This is a guest post from Mamie Cox: Through a series of quite fortunate events, I found myself spending a magical year studying children’s literature at the University of Cambridge. When not getting riled up about something on Twitter, I am thinking about fan engagement in online spaces, and the ways in which literature for children and young adults can be better.
I grew up in a small, midwestern farming town that, while overflowing with beautiful landscapes and small town charm, had little in the form of entertainment. For that, my family had to take a little drive. After about an hour in the car, we were in the land of plenty. There was a Target, Barnes and Noble, and not one but two Applebee’s. I was convinced it was the “big city” (It wasn’t). I was like Laura Ingalls, taking the wagon into town, marveling at the bustling streets and fawning over peppermint candies at the mercantile.
These trips always ended with a mandatory stop at the bookstore. My mom would let me browse for hours, and I happily clutched whatever Nancy Drew mystery she bought me all the way home.
Many years and one 18 hour U-Haul ride later, I really do live in the big city. And while having a grocery store and movie theatre all within walking distance of my apartment is a still unaccustomed luxury, my favorite perk is the fact that the best independent bookstore in the city is a mere three-minute walk away.
Living so close to a bookstore is what my 12-year-old dreams of city living were made of. It’s also majorly changed my relationship with bookstores and reading.
It’s not a special occasion, but a part of daily life
Growing up, going to the bookstore felt like an event. It was anticipated, planned, and every moment was accounted for. Now, whether I just need a break from my apartment or have ten minutes to kill before getting dinner with friends, the bookstore has become a place to go and pass time. Knowing this, a bit of the pressure is taken off, and I’m free to browse in a way I wasn’t when I knew I wouldn’t be back for weeks. Having constant access doesn’t make it any less special, but does offer a new kind of familiarity that I’ve never gotten to have.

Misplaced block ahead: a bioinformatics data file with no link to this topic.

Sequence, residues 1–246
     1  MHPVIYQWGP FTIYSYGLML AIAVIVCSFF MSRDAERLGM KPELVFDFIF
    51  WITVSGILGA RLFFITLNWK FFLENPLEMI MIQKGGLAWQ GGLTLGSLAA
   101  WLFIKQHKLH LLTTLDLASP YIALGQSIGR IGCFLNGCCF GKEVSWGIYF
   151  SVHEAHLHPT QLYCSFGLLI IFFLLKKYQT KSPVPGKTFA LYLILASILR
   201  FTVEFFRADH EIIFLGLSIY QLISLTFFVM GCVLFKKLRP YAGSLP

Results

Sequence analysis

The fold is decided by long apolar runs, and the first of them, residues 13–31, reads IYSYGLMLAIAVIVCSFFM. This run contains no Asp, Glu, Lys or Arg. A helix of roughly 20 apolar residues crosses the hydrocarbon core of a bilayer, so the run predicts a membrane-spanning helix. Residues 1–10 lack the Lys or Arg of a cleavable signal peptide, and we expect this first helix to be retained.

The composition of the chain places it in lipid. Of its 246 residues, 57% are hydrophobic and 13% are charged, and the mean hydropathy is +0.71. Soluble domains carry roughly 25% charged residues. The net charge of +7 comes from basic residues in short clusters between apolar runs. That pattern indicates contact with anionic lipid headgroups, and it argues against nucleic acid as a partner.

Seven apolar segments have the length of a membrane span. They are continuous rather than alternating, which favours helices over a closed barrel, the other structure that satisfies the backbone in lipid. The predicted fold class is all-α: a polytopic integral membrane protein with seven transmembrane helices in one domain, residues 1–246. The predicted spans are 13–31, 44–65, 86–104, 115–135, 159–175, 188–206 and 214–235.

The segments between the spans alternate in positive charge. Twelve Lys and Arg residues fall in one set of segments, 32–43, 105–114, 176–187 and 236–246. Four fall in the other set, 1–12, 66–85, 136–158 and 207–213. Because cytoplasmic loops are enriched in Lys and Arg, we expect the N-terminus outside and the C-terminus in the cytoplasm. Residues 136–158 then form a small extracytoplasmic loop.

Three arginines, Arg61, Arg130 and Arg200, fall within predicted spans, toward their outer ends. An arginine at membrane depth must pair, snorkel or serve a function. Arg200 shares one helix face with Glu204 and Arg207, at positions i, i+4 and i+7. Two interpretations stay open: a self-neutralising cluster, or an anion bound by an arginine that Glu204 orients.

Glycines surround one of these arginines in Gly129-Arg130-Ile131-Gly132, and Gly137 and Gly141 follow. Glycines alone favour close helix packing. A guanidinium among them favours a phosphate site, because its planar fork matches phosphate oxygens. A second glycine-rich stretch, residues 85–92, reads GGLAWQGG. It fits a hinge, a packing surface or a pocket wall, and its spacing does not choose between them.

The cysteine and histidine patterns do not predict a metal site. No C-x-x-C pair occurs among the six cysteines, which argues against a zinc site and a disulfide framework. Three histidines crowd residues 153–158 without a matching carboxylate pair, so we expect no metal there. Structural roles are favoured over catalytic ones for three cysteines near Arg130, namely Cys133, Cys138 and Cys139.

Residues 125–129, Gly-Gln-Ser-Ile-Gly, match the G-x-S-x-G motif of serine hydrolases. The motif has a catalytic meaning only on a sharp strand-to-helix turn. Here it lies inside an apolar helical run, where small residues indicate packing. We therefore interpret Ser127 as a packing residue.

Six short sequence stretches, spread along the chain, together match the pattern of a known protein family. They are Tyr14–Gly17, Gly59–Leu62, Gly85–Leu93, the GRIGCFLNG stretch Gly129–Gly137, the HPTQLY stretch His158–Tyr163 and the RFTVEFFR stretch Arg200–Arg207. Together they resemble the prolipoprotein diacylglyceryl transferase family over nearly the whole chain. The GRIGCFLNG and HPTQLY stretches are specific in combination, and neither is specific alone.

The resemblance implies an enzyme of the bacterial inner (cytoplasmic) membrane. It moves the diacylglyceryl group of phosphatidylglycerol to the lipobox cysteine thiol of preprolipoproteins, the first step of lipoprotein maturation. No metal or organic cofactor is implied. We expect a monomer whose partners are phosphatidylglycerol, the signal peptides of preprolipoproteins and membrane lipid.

I read more widely
With constantly changing staff recommendations and rotating shelves, my TBR has never been longer. I’m no longer just reading the newest best-sellers or whatever Amazon suggests based on past purchases, but thanks to carefully curated and stocked shelves am discovering new favorite authors and previously untouched genres. Staff recommendations, comment cards, and clever table displays have resulted in me reading more nonfiction in the last few months than I have in years. And thanks to one extremely persuasive employee, I even read my first romance novel (spoiler alert: it was great). Also, I read poetry now, apparently.
It’s a much more social activity
I’ve had more conversations with strangers in the cramped, paper-lined hallways of my local bookstore than just about anywhere else since moving to the city. The crowded space itself brings with it a forced sense of intimacy with everyone around you. Add that to the fact that you just picked up the person’s next you all time favorite novel, and you’ve got some prime social interaction.
Not to mention the fact that the staff are stellar — I was on a first name basis with multiple booksellers after just a few weeks which, being in a new city and desperate for human interaction, was a real life saver.